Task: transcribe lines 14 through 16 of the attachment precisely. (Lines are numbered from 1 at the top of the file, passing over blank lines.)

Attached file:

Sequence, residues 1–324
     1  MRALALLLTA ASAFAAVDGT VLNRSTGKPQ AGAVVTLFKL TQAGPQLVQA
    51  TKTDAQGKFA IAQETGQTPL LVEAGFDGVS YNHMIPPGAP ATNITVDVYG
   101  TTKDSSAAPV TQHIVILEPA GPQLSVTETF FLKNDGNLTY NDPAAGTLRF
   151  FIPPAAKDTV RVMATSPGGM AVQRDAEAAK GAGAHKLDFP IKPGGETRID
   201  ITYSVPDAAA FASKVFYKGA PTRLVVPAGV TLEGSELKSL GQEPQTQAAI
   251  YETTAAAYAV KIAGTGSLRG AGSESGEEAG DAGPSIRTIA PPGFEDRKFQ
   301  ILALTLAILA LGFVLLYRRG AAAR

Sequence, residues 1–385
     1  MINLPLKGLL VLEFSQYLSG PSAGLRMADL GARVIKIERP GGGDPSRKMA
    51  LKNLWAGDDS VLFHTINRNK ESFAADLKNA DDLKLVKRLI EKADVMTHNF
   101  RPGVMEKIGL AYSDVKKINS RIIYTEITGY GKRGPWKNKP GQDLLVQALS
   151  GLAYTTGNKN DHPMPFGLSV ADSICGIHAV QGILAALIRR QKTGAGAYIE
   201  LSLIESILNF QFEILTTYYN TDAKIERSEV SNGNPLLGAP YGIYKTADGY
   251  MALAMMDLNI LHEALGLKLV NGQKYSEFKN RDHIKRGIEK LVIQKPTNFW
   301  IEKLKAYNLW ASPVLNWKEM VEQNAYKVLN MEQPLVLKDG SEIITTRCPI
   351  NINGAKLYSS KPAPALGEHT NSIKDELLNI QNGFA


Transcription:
   201  LSLIESILNF QFEILTTYYN TDAKIERSEV SNGNPLLGAP YGIYKTADGY
   251  MALAMMDLNI LHEALGLKLV NGQKYSEFKN RDHIKRGIEK LVIQKPTNFW
   301  IEKLKAYNLW ASPVLNWKEM VEQNAYKVLN MEQPLVLKDG SEIITTRCPI